Campaigning 101: Our Guide to Canvassing in the General Election
By Iona Gaskell | 31 May 2017
It’s now just over a week until election day. The last manifestos have been launched, postal votes are being dispatched, the gloves are off.
Thousands of people around the country are out knocking on doors, or holed up in phone banks, helping their local candidate's campaign - and in the final 7 days of the campaign this activity is going to reach boiling point.
More United already has hundreds of volunteers across the UK who are helping us support candidates in whatever ways they can.
But most people aren't seasoned activists - for most people terms like 'canvassing', 'phone bank' and 'GOTV' are meaningless wonk-speak. When politicians talk about getting out on the doorstep, what do they actually mean?
Well, Leah's been volunteering with More United over the last few weeks to help us coordinate our on-the-ground campaign efforts. She was out last weekend to help Rosena Allin-Khan in Tooting, so I chatted to her to get the layman's low-down on canvassing.
Read on for easy explanations and top tips, and then find a campaign day near you to try our your new-found knowledge...
So Leah, what actually is canvassing?
It’s when a team of volunteers directly connect with voters on behalf of a candidate. That could mean knocking on doors – “getting out on the doorstep” - or it could be done via a phone bank, where lots of volunteers call voters. Closer to Election Day, you might also hear terms like “GOTV”, which means Get Out The Vote. This is simply candidates and their teams working to get as many people as possible out voting for them on polling day.
Why do candidates do it?
It helps candidates maximise the contact they have with their constituents. With a real, regular person on the doorstep chatting through the issues, constituents can develop a more genuine connection to that candidate.
And what does it actually involve for the volunteers?
It’s pretty simple really: you’ll either be delivering leaflets or speaking to people, in person or on the phone, to ask them how they’re planning to vote. You might be given a short script to help with this.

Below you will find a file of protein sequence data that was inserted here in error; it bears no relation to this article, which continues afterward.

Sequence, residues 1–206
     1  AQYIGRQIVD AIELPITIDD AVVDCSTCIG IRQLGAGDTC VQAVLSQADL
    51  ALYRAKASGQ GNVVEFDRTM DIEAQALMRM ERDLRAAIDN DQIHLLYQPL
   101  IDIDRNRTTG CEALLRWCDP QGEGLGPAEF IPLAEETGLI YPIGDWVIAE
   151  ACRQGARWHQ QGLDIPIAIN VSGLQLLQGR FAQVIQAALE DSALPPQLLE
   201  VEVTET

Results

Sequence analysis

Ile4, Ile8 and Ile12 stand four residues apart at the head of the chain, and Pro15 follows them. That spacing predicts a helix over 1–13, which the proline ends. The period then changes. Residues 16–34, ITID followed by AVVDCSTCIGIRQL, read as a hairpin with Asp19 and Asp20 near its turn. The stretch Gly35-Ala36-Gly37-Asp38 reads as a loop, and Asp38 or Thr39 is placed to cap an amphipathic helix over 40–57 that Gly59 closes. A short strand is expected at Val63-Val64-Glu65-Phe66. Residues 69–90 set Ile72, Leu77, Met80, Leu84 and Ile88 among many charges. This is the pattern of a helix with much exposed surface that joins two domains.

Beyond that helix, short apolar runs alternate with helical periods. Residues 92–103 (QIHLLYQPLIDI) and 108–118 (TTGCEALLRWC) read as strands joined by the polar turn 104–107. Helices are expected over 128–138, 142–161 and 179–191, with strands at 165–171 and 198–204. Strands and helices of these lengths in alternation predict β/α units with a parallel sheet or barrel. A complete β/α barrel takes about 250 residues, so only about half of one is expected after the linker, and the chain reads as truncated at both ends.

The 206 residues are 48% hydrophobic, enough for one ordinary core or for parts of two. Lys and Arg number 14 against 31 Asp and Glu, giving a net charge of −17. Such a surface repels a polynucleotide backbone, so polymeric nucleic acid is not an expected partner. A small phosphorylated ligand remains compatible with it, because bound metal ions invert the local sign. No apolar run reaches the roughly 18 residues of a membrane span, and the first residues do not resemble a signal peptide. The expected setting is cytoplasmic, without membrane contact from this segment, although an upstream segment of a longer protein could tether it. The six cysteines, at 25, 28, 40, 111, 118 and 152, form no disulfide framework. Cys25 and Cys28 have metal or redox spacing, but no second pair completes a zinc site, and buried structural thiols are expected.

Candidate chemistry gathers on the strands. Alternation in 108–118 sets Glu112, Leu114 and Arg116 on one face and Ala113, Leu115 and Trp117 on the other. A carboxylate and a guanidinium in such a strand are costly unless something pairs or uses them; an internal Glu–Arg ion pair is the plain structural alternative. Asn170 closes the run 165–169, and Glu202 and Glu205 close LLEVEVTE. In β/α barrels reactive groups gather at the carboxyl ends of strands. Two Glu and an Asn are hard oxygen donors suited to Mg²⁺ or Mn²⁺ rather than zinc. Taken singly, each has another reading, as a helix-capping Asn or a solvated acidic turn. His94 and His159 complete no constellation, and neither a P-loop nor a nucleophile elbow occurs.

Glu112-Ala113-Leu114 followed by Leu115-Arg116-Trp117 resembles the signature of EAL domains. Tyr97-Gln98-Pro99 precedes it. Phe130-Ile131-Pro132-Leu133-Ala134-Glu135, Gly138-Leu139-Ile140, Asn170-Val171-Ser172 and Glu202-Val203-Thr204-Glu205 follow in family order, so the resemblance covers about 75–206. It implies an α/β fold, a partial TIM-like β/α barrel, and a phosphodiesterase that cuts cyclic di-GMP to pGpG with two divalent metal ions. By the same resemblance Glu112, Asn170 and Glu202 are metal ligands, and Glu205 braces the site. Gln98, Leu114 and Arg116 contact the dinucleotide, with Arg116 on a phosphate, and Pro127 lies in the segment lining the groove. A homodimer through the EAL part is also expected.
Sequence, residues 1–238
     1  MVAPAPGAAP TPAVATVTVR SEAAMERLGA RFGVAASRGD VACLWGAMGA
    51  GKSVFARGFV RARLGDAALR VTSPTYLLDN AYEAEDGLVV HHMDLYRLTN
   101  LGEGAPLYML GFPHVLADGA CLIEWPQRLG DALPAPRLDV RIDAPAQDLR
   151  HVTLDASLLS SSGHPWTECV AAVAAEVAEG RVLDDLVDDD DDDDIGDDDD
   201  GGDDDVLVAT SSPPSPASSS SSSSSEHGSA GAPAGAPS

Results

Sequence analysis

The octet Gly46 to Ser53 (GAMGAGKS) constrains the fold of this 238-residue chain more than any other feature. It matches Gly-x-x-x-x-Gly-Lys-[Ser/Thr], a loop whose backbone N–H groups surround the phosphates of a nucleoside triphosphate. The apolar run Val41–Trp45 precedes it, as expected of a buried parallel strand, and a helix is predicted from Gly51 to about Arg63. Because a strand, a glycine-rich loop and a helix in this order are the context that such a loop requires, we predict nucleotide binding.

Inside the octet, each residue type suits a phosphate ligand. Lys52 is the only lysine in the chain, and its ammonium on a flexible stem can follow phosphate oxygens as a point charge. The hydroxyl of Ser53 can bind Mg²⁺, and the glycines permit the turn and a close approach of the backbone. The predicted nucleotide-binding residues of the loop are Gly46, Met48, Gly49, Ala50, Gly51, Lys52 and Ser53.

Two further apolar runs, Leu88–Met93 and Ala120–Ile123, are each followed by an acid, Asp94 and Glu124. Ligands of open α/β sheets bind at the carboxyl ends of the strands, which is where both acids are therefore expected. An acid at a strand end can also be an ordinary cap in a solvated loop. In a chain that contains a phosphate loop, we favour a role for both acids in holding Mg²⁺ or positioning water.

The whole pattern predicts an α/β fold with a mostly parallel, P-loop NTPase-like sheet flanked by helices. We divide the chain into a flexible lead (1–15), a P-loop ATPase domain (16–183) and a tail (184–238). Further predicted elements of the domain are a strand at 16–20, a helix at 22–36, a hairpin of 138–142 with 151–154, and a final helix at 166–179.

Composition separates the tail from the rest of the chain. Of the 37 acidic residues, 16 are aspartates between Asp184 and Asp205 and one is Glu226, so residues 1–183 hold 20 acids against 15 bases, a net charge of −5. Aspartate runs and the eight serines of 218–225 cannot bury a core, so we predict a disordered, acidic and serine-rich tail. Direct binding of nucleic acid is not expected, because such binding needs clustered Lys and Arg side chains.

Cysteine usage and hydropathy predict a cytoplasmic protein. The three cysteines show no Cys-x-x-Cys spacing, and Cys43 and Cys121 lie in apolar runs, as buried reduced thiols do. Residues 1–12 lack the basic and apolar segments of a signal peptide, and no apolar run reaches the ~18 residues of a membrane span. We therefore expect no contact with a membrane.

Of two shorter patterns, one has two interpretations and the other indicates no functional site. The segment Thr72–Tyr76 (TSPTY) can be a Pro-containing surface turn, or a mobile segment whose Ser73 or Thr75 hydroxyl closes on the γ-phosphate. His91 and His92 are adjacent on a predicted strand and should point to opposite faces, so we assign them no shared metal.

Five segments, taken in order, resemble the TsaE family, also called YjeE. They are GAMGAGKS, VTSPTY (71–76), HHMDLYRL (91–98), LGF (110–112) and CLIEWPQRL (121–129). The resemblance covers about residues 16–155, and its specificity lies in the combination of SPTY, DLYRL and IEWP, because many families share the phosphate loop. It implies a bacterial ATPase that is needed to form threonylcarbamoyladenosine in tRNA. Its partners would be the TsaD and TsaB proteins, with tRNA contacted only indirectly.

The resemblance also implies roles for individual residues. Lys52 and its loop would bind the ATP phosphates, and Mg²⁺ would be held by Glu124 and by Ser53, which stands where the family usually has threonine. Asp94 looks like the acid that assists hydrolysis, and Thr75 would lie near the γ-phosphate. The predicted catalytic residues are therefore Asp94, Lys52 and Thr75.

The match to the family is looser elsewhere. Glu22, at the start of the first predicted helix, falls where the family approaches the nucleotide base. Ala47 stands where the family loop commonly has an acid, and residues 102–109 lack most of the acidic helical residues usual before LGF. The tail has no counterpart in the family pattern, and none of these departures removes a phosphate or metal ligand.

Different campaigns have slightly different approaches to canvassing, but don’t worry, you’re not expected to know anything in advance! They’ll explain everything at the start of the session and if you’re unsure about something you can always ask your Lead Volunteer or one of the campaign staff. We've got action days happening around the country so you can find one that suits you.
Does it really make a difference?
Yes! Direct contact with voters makes a massive difference, especially in the most marginal constituencies.
So if I go along to canvas for a candidate, how do I fit in as a More United supporter?
Trust me, the campaign will be very happy to have you! For most campaign activity, it’s a decent turnout to get 20 people - so the addition of even 3 or 4 makes a massive difference to what they can achieve! Just bring lots of enthusiasm and get stuck into the day.
Top tips for election canvassing...
- Shut all gates and doors behind you - you don't want any stray pets following you down the street!
Be open, polite and friendly in your tone and body language.
- Take any litter away with you.
If you’re new, let people know that it’s your first time campaigning so they can show you the ropes.
Mind blanks happen and they're not a big deal. It’s always worth writing down a few opening lines so you can prompt yourself: “Hello, my name is Iona, I’m here from More United and we’re supporting your local candidate Jane Blogs…would you be able to spare a couple of minutes to chat?”.
If you don’t know the answer to a question, it’s okay to say so. Call someone over from the campaign – or even the candidate themselves – to speak with the voter. Both will welcome the opportunity to talk.
- It’s okay to feel nervous, but try to relax and enjoy yourself - have fun with the group you’re out with.
Keep up the brisk pace of the campaign! The idea is to engage with as many people as possible.
Don’t worry if people are rude to you or don’t like your candidate. It’s not personal - you’re doing a great job!
Wear weather appropriate clothes and comfy shoes
Bring sunscreen if it’s a bright day or an umbrella if it’s not
A messenger bag or similar and a bottle of water can be handy
The campaigns will provide you with any stationery you will need – clipboards, pens, canvassing sheets, etc.
If you’ve got a More United t-shirt or badge, wear it! If you don’t, but you’re meeting other MU volunteers, they’ll be able to provide you with one.
We’ll also give you a flyer with More United’s core values on, so you have them to hand should anyone ask.
Fancy joining the team? Find a campaign day near you to get involved!